Five years ago, when I was holed up in Beijing finishing a book, I had the delight and privilege of inviting successive teams of Guest Bloggers to appear for a week each in this space. This was back in the era when sequential, thinking-in-public blogs were a standard form of online discourse, before they gave way to today’s dominant model of standalone articles mainly circulated via Facebook and Twitter links.
At the time I felt fortunate for, and in retrospect I feel astonished by, the array of people who agreed to take on this task. You can read the whole 40-plus member list, with links to their writings, here. We had software developers, ambassadors, air-traffic controllers, family members, industrial titans, philosophes, and others — plus a person who was a judge, active pilot, and former CIA employee all in one.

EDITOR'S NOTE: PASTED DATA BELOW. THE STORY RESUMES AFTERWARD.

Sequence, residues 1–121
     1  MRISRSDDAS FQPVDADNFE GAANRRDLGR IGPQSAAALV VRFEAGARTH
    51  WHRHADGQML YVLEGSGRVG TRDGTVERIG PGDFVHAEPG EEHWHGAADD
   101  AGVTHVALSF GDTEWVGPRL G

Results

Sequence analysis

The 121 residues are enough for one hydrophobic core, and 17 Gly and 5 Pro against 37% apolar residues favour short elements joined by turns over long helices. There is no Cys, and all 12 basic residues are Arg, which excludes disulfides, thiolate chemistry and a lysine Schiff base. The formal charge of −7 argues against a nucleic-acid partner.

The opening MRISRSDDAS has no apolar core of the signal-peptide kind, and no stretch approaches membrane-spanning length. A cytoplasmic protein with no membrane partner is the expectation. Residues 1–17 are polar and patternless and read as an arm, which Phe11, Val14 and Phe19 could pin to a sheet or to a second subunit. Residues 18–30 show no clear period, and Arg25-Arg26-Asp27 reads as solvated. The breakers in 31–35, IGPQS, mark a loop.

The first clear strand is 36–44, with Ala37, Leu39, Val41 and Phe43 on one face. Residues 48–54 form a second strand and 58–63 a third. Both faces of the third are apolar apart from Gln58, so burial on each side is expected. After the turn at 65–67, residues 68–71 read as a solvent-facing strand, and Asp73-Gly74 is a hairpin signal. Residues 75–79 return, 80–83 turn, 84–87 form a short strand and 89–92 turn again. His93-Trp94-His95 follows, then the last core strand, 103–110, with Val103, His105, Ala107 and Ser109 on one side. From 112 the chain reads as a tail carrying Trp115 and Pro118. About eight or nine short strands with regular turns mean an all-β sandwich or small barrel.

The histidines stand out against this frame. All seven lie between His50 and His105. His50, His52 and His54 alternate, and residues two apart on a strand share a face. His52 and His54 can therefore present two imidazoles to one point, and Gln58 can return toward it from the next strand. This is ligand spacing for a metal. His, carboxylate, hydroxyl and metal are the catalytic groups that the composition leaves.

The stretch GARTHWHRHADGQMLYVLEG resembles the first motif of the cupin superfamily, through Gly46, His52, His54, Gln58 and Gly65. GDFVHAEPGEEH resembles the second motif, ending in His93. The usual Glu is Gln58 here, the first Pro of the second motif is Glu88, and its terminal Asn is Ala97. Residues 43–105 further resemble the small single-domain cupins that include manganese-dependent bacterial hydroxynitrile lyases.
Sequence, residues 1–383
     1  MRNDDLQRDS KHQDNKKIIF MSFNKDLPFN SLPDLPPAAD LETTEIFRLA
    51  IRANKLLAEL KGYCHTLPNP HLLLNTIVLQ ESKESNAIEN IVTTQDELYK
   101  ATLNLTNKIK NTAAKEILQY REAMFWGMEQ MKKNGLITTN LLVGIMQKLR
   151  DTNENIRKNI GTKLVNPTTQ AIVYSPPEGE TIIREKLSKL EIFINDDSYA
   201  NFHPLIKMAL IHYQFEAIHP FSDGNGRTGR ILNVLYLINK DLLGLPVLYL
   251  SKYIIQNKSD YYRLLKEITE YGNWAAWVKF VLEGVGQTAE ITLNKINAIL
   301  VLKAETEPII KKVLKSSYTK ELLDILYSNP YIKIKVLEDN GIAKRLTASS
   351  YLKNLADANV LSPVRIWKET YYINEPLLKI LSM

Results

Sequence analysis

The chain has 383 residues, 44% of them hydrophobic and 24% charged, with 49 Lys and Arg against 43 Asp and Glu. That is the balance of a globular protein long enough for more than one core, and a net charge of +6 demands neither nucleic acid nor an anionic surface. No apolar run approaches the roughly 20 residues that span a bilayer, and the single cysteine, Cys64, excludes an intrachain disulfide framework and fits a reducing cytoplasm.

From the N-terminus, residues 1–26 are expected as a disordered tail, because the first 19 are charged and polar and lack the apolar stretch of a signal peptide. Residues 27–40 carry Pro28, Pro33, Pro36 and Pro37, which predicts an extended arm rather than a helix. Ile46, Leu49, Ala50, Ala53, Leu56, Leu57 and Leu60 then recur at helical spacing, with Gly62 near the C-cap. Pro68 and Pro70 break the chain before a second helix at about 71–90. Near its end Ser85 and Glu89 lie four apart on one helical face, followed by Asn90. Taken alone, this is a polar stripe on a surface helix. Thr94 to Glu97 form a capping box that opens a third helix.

That was Glenna Hall. I never met her, but I respected her and felt I knew her based on correspondence over the years. I was very sorry to learn that she had died of cancer, at her home in the San Juan Islands of Washington state, a week ago.
Here are some illustrations of what she wrote in this space, which begin to suggest the range of her interests and talents:
- “Landing Ourselves: Pilots Can Do More Than You Think,” about the world of the skies.
- “The Injustice of Sentencing Guidelines,” from her time on the bench.
- “The Economics of Island Air Taxis,” about one reality of remote-community existence.
- “City Judge, County Judge,” on the variations of the judicial life.
- “When I Worked for the CIA,” about an early stage in her career. As I noted, the headline on this slightly complicated my life in China.
My admiration to Glenna Hall for the life she lived, and my sympathies to her friends and family on her loss.